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Wheat stocks at 15 years low raise concerns

The reliable sources reported that in the beginning of the month last, the wheat stocks in the central pool held by the Food Corporation of India (FCI) and state agencies reached 30.09 million tonne (mt), the lowest level since 2008, indicating another rise in wheat prices.
However, the food ministry officials assured that grain stock would be sufficient to bring them to the open market sales if wheat prices go up in the coming months. They also assured the stocks may still sufficient to meet the requirement wheat under the Pradhan Mantri Garib Kalyana Anna Yojana (PMGKAY).
The current wheat stocks at 30.09 mt are above the buffer of 27.58 mt for July 1 this year. The wheat stocks on June 1, 2008, were only 24.12 mt. At present, the government needs 18.4 mt of grain annually, for social welfare schemes, including the free ration scheme, the PMGKAY
In the FY 2023-24, the FCI had sold a record 10 mt of wheat to bulk buyers to tame prices.
According to the officials, while the government is keeping a close watch on market prices of wheat, it has procured around 27 mt in the 2024-25 marketing season (April-June), against a target of 30-31 mt at the beginning of the season. Till June 1, the wheat procurement by the agencies had crossed 26.5 mt against 26.19 mt in the 2023-24 season and the procurement operations were still on in Rajasthan and Uttar Pradesh.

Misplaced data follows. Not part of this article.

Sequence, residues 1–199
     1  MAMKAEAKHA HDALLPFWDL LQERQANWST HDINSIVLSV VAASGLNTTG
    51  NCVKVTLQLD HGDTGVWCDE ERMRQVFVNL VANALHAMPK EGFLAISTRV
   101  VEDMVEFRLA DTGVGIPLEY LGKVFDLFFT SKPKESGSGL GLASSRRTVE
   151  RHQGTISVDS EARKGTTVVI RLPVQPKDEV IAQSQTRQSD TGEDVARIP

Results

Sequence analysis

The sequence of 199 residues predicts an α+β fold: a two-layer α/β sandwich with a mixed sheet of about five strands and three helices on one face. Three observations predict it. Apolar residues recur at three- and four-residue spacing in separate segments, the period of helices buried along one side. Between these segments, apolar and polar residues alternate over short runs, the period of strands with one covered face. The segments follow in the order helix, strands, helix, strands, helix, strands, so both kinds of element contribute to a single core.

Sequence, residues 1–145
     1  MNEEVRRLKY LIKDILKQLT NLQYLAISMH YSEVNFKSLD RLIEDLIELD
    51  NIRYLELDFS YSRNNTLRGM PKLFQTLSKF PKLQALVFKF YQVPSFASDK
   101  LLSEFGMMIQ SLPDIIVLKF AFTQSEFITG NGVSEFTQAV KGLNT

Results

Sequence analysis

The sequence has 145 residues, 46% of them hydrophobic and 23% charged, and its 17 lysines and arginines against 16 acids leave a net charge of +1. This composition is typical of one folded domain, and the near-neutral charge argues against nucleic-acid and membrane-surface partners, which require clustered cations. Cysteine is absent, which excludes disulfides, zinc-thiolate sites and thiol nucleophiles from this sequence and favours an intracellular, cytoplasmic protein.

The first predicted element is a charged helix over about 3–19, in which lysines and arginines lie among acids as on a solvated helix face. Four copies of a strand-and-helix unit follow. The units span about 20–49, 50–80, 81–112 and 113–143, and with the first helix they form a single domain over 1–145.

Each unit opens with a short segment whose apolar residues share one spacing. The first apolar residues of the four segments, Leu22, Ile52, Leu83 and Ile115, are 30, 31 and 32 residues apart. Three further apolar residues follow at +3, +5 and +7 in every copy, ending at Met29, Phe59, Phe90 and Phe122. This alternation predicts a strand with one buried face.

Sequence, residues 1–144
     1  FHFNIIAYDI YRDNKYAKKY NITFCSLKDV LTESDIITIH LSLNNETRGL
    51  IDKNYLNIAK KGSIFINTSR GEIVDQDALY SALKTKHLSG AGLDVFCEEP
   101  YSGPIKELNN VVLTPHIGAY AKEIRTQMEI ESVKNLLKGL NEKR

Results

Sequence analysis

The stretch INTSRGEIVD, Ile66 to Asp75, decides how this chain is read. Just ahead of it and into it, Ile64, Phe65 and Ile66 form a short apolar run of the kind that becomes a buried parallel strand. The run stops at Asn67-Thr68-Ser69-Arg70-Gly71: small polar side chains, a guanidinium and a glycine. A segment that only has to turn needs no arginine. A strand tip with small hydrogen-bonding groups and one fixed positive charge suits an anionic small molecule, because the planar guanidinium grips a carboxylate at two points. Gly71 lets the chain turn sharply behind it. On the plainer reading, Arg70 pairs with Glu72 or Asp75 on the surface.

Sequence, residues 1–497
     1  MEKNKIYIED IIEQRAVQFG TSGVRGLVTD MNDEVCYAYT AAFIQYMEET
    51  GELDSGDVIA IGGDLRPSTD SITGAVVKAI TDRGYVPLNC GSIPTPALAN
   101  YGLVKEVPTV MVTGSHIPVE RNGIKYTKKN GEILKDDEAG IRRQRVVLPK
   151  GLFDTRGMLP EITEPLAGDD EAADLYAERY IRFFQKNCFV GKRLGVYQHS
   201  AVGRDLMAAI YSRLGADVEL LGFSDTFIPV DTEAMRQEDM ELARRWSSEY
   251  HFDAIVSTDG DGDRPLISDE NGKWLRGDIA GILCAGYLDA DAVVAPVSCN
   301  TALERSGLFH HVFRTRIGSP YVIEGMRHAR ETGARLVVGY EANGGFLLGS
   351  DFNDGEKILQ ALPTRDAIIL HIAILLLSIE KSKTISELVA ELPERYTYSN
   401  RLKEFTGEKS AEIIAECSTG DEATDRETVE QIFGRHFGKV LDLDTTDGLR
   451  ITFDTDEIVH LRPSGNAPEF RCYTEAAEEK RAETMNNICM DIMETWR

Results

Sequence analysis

The government has projected a wheat output of a record 112 mt in 2023-24 crop year (July-June).
As far the rice stocks at the central pool as on June 1, it was 31.98 mt. At present, the FCI has 50.08 mt, including 18.12 mt of grain receivable from millers, meaning 4 times above the buffer of 13.54 mt for July 1.
The sources said that the government is working means to dispose the surplus rice so that storage space could be created for the next paddy procurement season 2024-25 (October-September).
The officials said, government assessing the sowing of kharif paddy, expected to commence this month, before the government’s action regarding the curbs on export of rice. “We need to look at lifting restrictions on rice exports as kharif crop prospects look bright,” the official said.
Notably, the government last year, had initially banned white rice exports and subsequently imposed 20 percent shipment duty on parboiled rice to improve domestic supplies.
However, the India Meteorological Department (IMD), in its second advance long range forecast, reiterated its earlier forecast of ‘above normal’ monsoon rainfall at 106 percent of the benchmark average during June-September this year. The forecast expected to give a boost to kharif crops sowing. Paddy, pulses, sugarcane and oilseeds are the major kharif crops in the country.